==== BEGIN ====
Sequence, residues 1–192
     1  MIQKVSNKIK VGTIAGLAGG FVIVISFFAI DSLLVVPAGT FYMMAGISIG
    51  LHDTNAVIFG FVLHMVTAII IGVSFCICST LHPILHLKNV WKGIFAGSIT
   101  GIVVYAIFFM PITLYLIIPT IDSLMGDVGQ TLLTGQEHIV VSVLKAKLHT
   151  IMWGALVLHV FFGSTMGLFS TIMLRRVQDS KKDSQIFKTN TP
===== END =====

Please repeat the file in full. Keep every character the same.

Sequence, residues 1–192
     1  MIQKVSNKIK VGTIAGLAGG FVIVISFFAI DSLLVVPAGT FYMMAGISIG
    51  LHDTNAVIFG FVLHMVTAII IGVSFCICST LHPILHLKNV WKGIFAGSIT
   101  GIVVYAIFFM PITLYLIIPT IDSLMGDVGQ TLLTGQEHIV VSVLKAKLHT
   151  IMWGALVLHV FFGSTMGLFS TIMLRRVQDS KKDSQIFKTN TP